With its cool, sleek exterior this sculptural Noosa home designed by Tim Ditchfield Architects, makes for a slick weekender.

Floor to ceiling glass panels shuttle back into allocated spaces at the push of a button, kitchen cabinetry disappears at a touch and the home operates on a full cbus system.

Despite the gadgetry indoors, it is the driveway that stands out as a feat of engineering. The underground four-vehicle carpark is set beneath the waterline of the moat-like Weyba Creek. There are storm water sheds, soak away pits, a holding tank and a plant room on the basement level that houses the pumps, back-up emergency generator and back-up battery power in case of a blackout. The plant room also contains other emergency essentials, such as the climate controlled wine storage.

Taking design cues from Brazilian modernist architecture, the building makes use of sweeping white planes, cantilevered concrete forms and precise pockets of greenery to great visual effect.

Where Brazilian modernism often uses organic lines, the architects have used landscaping to break up the harsh lines of this modernist home. Plants have been used wherever possible, softening both form and palette, while reinforcing the tropical, coastal locale.

Hard lines and surfaces have also been softened by application of texture, colour and pattern. Take for example the soft render finish on interior walls, or the tropical spectacular of Bisazza mosaic tiles carpeting the pool. Mosaics feature throughout the property. “The custom patterns which appear prominently throughout the house make a feature of green hued tiles which speak of a natural palette, rather than anything overtly ostentatious,” says Ditchfield.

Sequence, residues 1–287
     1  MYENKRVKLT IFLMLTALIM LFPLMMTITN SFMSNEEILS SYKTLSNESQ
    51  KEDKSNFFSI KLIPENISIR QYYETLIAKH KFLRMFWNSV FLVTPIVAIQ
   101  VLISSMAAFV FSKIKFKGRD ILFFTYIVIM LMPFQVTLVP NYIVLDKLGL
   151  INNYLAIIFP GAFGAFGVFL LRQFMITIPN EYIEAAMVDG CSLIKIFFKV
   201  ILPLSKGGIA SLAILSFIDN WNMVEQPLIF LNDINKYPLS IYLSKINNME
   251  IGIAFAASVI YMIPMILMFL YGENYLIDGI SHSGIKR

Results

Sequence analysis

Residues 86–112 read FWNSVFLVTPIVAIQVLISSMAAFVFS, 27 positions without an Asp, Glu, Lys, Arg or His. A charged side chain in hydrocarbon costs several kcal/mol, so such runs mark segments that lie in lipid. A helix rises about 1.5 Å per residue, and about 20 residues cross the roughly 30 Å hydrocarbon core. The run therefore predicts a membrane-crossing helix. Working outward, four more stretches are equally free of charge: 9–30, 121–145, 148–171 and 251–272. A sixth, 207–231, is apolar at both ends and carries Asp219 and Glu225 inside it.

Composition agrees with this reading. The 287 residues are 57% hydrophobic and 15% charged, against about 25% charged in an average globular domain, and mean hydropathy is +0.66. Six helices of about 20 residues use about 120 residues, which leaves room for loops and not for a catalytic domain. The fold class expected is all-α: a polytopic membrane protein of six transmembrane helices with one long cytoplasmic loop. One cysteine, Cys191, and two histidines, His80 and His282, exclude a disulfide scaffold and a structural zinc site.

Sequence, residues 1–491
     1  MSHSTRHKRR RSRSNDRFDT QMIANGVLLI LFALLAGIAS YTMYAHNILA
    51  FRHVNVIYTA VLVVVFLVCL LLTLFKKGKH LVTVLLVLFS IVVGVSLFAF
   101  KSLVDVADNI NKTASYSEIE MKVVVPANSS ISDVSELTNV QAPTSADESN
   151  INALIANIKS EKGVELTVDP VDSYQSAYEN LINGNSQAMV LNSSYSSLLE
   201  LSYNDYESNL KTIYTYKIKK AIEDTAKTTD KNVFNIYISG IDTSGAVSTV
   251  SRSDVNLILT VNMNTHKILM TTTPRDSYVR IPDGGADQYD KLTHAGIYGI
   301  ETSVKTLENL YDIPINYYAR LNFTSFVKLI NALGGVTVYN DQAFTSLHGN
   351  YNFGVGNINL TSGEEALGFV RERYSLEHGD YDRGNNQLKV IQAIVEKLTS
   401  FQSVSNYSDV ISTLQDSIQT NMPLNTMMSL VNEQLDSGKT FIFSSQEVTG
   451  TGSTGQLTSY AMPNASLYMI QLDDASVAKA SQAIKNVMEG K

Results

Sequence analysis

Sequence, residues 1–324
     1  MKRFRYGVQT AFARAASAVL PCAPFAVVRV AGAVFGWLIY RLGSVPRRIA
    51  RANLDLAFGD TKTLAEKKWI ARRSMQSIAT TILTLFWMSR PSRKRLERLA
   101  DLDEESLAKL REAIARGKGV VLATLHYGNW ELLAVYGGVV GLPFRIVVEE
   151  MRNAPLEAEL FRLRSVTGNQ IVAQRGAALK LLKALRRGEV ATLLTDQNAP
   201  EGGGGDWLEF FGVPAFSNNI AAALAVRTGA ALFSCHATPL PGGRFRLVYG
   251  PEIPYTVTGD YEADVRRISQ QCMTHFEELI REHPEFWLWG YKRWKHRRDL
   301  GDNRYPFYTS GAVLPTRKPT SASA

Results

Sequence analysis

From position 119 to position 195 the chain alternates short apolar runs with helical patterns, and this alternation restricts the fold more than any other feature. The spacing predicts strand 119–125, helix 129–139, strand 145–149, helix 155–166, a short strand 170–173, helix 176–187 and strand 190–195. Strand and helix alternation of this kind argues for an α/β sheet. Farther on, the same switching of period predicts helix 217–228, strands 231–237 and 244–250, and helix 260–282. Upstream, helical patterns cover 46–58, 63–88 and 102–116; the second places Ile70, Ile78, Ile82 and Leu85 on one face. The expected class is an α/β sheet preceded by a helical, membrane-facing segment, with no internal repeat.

The experience of arrival has been carefully considered. One travels over floating ‘stepping pads’ to cross the pond to the front door. Though the journey from gatehouse to door is a short one, it is transformative.

To the left is a luscious green outdoor meditation space and to the right a small island with a sculptural pandanus. Fine timber battening is also used in this space, providing depth and an ‘ethereal foil’ to the façade.

The ground floor is enshrined in moveable glass panels, 15 of which will slide away to completely remove the barrier between indoors and out. The living area features an open gas fireplace (the flue wall concealing the drop-down television) and moves seamlessly into the strikingly bare kitchen. In place of a traditional splashback, those in the kitchen can gaze out at a beautifully framed green wall, filled with exotic plantings. Four children’s bedrooms, a second living area and the master ‘retreat’ are located upstairs.

Ditchfield has designed a home that allows its residents to enjoy the natural beauty of Noosa from their own private gallery. Views of varying scales are offered through carefully composed moments within the building. However, with the glass panels ushered away, the ground living plane acts as a playground between indoors and out, allowing the family to enjoy the full splendor of the surrounds.

 

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